David Renzer, who previously headed up the Universal Music Publishing Group as chairman/CEO, has resurfaced in music publishing with a deep-pocket backer the Saban Capital Group, a private investment firm established by Haim Saban.
The Renzer and Saban effort is already in advanced discussions on a number of potential music rights acquisitions, according to an announcement.
While Renzer, who will be president of music ventures for the Saban Capital Group, says he expects eventually to build a full-service publishing company, but the development of the company will depend on the acquisitions it makes. Saban previously was a player in music publishing that owned the music it incorporated into its Saban Brands television productions for shows like "Mighty Morphin Power Rangers," "Teenage Mutant Ninja Turtles," "The Addams Family Reunion" and "Princess Sissi."
Saban sold that portfolio of music -- encompassing a slate of theme songs, cues and scores from more than 90 television series, 3,700 television episodes and 100 made-for-TV films and specials -- in 2010 to Bug Music, which has since been acquired by BMG Rights Management. But as Saban continues to create television programming, it also is creating a new publishing catalog, which will be incorporated into the new venture.
The new venture will fight nicely in a portfolio of entertainment and media properties that Saban Capital has stakes. They include Univision; Celestial Tiger Entertainment, which is a venture with Lionsgate and Astro; Taomee, a children's online entertainment company in China; and Sky Vision, Indonesia's largest pay TV platform.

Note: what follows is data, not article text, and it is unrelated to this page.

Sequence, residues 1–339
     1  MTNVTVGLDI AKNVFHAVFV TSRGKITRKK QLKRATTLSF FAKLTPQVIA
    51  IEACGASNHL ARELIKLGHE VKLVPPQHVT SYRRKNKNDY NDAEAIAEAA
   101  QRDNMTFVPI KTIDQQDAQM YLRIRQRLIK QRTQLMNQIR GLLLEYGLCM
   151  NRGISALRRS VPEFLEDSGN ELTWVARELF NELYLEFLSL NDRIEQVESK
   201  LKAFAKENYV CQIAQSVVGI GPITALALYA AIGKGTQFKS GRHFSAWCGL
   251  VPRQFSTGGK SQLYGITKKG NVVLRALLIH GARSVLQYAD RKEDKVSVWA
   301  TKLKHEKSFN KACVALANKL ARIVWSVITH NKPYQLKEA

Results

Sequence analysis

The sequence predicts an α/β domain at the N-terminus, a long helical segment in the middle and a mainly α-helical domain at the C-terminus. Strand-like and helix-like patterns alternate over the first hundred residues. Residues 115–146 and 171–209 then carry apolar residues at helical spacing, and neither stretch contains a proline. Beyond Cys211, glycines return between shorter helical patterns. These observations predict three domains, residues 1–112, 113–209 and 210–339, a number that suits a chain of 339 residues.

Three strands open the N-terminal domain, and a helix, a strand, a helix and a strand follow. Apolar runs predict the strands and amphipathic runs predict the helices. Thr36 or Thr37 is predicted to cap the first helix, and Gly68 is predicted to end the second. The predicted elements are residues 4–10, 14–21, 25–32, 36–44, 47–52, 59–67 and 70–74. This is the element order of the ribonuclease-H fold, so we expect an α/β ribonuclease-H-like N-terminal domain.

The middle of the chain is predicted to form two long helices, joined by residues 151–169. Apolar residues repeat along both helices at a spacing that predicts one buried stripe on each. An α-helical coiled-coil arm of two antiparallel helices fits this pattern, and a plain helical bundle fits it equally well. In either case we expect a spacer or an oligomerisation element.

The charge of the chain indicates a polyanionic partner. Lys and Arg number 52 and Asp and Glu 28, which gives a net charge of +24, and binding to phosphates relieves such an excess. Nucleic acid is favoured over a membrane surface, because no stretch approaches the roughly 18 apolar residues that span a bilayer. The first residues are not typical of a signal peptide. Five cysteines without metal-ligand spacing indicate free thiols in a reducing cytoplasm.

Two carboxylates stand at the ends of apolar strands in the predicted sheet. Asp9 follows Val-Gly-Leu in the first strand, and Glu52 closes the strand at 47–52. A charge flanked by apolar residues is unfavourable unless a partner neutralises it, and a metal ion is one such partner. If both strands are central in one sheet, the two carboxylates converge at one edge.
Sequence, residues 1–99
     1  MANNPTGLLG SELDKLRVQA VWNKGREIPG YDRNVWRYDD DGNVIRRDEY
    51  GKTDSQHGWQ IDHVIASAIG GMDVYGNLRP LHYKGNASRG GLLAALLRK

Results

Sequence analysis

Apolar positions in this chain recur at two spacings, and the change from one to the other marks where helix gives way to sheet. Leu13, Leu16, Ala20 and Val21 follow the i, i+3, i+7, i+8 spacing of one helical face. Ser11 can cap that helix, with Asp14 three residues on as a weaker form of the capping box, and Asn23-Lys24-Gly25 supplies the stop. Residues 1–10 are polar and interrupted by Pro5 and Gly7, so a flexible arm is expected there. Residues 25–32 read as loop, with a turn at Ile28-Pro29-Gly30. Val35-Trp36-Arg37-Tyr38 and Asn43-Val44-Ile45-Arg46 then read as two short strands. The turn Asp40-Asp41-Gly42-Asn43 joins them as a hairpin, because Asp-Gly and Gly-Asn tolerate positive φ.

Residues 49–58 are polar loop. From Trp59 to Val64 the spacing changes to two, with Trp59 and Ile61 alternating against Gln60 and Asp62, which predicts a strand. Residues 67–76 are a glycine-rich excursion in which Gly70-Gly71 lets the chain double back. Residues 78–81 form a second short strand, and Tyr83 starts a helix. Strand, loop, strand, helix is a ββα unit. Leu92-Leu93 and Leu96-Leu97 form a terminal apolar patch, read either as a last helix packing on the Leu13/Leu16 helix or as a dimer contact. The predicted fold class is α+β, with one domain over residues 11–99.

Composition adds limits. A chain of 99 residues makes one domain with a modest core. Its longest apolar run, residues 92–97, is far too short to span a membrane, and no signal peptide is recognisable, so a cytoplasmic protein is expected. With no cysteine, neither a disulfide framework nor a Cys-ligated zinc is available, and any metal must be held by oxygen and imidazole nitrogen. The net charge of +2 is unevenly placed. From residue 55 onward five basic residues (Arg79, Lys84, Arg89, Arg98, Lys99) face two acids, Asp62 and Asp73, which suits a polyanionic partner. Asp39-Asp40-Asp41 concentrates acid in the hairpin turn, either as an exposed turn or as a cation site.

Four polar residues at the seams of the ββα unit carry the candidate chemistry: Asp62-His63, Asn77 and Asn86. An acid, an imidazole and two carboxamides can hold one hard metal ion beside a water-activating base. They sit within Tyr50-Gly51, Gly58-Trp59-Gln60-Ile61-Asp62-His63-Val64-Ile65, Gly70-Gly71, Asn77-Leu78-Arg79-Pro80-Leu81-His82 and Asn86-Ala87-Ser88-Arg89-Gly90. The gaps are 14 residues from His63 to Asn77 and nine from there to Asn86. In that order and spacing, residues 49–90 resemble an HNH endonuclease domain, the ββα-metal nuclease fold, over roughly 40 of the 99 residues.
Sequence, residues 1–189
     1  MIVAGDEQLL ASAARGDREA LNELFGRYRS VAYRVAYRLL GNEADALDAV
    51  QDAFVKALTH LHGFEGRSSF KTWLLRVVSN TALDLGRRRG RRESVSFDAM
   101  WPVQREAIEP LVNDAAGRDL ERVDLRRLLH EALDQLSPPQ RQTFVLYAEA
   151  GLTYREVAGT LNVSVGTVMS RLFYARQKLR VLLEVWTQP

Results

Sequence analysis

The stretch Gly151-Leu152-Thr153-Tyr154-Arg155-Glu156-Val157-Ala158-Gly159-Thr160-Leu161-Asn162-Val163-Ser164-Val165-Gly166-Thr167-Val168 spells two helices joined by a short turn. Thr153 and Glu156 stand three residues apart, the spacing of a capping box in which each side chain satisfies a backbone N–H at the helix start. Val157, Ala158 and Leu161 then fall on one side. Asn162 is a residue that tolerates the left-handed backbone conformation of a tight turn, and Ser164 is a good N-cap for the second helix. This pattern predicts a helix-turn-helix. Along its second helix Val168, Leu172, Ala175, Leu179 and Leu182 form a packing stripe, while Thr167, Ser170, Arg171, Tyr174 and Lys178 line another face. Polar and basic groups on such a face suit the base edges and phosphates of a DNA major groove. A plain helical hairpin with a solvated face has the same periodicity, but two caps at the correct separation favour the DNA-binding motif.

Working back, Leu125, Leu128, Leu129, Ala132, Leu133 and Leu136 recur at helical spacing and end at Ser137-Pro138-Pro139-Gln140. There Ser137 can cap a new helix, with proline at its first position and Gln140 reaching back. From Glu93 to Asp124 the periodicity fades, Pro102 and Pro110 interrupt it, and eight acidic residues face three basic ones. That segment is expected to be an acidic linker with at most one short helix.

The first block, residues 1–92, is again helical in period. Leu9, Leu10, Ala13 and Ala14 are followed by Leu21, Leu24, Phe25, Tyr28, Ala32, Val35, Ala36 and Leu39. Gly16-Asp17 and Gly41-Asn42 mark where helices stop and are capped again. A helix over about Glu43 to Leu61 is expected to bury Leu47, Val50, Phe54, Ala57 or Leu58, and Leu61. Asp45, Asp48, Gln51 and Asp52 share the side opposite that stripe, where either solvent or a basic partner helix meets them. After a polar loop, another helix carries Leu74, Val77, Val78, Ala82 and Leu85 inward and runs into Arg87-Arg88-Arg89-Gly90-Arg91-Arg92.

"Media and music rights have long been at the core of investment activity at Saban Capital Group," Saban Capital president/COO Adam Chesnoff said in a statement. "By partnering with an experienced and talented executive such as David, we believe we can take an entrepreneurial and opportunistic approach to building a great music publishing company together."
Saban Capital Group chairman/CEO Haim Saban said in a statement that this is the right time to get back into music publishing.
"The formation of our music venture enables us to utilize our extensive experience in music and media rights as well as leverage our increasing activity in the creation of broadcast properties," he said. "As the music industry continues its consolidation, we feel it is an opportune time to commit significant investment capital to music rights and we have great confidence that David, with his vast experience, will help us create an exciting new music publishing company together."
For his part, Renzer noted that while he hopes to eventually field a full-service publishing company, one ingredient that is sure to be a part of the mix is a focus on TV and film -- whether that be in production music or pursuing synchronization opportunities for whatever songs it acquires.
Like Saban, Renzer says that the consolidation going on because of the acquisition of EMI Music Publishing by a consortium of investors led by Sony Corp. of America, and their plan to have EMI administered by Sony/ATV, will provide plenty of opportunity for boutique firms that can pay attention to a smaller portfolio of songs.
"It's quite a challenge to manage millions of copyright, and that challenge inevitably means that some songwriters or catalogs" might feel neglected, Renzer says. "So there is going to be opportunities on a whole host of levels."